The Tennessee Valley Authority will hold a virtual open house next week to discuss and hear comments on its study surrounding eventual closure of the 66-year-old Kingston coal-fired power plant.
The event Thursday will focus on details of the environmental impact statement and alternatives for the future of Kingston. The plant along the Tennessee River was the site of the worst coal ash spill in the country in 2008.
Kingston’s nine units can generate about 1.4 GW of electricity at capacity. The plant entered operations in the 1950s.
“Following the publication of the 2019 (integrated resource plan), the TVA began conducting end-of-life evaluations of our coal fleet to inform long-term planning,” reads an earlier statement by the federal power agency. “TVA’s recent evaluation confirms that the aging coal fleet is among the oldest in the nation and is experiencing deterioration of material condition and performance challenges.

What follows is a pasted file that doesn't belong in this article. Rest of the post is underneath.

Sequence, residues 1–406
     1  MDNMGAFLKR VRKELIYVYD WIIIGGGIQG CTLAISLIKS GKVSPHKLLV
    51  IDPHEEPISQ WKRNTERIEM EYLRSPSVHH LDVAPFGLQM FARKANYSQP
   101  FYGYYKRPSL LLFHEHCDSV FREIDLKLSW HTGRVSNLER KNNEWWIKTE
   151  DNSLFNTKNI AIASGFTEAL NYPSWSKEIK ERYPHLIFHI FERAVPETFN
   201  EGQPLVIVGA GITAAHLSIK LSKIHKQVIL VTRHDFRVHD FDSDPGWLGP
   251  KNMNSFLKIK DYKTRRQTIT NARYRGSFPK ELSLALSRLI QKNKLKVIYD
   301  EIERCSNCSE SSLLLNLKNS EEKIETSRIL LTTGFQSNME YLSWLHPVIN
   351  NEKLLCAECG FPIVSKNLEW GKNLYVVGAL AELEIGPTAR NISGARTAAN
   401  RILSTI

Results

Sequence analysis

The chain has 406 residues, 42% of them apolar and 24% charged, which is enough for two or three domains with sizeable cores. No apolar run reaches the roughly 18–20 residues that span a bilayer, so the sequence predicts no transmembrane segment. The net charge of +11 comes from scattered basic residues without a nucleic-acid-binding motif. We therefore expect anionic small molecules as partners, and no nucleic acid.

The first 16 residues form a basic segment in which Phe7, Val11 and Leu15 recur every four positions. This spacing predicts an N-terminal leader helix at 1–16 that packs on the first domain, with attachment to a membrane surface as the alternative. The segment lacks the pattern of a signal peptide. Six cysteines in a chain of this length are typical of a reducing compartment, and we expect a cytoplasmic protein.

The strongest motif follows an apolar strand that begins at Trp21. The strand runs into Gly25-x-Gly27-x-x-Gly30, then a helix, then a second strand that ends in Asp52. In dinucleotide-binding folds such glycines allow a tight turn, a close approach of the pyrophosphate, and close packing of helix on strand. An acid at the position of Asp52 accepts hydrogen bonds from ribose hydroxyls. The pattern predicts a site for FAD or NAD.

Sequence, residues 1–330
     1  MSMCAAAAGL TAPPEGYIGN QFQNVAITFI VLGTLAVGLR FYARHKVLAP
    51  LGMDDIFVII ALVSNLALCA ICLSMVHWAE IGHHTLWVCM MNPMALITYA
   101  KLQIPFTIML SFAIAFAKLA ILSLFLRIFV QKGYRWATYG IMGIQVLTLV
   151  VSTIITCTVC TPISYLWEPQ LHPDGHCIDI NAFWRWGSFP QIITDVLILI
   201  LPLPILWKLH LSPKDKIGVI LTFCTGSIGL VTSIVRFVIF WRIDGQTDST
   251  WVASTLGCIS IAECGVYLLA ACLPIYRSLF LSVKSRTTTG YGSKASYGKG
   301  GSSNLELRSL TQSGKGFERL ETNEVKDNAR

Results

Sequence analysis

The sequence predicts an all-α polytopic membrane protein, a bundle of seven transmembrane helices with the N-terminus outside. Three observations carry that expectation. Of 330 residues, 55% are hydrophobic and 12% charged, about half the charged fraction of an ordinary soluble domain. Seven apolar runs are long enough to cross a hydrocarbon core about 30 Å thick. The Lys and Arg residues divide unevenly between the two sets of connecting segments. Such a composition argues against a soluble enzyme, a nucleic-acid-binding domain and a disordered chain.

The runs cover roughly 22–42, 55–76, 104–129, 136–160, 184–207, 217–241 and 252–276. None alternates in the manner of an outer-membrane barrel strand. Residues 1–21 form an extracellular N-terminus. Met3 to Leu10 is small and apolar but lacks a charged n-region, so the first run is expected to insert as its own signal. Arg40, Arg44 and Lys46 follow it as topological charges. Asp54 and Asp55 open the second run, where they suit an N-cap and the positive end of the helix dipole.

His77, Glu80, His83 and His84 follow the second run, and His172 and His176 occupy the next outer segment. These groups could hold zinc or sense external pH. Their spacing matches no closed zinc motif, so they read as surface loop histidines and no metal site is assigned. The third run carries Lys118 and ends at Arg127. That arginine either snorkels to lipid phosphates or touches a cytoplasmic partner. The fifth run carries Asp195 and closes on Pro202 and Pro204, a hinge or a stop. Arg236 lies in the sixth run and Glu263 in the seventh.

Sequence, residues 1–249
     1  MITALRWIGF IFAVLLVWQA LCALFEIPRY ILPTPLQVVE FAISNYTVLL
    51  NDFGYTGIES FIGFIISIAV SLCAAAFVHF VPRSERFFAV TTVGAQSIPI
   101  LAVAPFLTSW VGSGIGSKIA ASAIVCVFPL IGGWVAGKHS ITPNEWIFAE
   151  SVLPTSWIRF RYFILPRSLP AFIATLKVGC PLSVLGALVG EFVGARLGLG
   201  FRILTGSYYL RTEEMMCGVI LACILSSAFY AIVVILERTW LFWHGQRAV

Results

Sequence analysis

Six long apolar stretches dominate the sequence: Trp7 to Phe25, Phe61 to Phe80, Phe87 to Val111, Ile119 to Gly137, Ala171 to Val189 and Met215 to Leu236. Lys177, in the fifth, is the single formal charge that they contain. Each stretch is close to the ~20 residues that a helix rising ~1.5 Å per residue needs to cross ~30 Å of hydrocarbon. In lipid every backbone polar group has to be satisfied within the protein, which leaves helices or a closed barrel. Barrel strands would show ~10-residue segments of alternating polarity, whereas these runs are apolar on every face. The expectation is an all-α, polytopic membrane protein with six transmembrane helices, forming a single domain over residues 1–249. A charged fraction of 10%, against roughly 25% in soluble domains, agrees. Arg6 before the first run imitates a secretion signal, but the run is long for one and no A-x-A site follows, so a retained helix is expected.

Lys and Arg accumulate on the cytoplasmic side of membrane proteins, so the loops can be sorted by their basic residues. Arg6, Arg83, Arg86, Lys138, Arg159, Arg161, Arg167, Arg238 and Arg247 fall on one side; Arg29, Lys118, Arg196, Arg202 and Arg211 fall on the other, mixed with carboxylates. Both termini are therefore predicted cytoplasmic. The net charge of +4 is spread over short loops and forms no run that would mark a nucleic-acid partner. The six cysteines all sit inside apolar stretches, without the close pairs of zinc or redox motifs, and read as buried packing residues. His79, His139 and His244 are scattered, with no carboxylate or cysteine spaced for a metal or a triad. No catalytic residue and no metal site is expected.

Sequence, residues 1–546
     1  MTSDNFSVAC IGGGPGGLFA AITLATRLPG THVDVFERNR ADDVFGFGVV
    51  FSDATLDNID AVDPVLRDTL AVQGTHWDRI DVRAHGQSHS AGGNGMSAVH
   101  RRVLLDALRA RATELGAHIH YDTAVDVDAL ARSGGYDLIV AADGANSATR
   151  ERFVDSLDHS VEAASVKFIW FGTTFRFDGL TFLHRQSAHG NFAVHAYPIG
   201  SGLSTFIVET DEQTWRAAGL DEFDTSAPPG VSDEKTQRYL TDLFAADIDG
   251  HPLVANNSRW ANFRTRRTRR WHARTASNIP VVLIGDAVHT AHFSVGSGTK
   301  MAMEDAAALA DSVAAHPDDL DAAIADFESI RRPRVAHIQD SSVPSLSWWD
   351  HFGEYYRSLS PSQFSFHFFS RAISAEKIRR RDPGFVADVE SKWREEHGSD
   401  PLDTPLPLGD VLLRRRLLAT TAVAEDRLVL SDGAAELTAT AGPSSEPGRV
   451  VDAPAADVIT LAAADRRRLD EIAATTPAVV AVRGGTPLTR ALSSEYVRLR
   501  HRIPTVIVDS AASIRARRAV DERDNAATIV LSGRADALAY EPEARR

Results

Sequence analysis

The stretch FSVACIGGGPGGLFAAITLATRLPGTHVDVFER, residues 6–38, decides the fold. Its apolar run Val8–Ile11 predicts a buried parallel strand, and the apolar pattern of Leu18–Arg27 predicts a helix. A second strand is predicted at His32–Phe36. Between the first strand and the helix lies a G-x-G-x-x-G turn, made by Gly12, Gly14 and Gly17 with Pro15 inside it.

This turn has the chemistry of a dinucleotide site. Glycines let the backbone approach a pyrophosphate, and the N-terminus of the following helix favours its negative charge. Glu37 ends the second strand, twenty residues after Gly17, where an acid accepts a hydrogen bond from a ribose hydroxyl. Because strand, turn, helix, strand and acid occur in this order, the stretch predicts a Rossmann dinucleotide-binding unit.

“The performance challenges are projected to increase because of the coal fleet’s advancing age and the difficulty of adapting the fleet’s generation within the changing generation profile; and, in general, because the coal fleet is contributing to environmental, economic, and reliability risks.”
The TVA plan includes three options, all of which centered around the eventual retirement of the Kingston coal-fired plant. One option is to build a combined cycle combustion turbine plant powered by natural gas, while plans to replace Kingstown with solar, energy storage or a simple cycle combustion turbine plant also are under consideration.
All retirement options will also include the demolition of the Kingston plant.
In 2008, a dike at the Kingston coal ash pond collapsed and is considered by some to have caused the worst coal ash disaster in U.S. history. Some 1.1 million gallons of coal ash slurry spilled out into the Emory River and onto surrounding land, damaging structures.
The TVA spent more than $1 billion on its Kingston coal ash cleanup.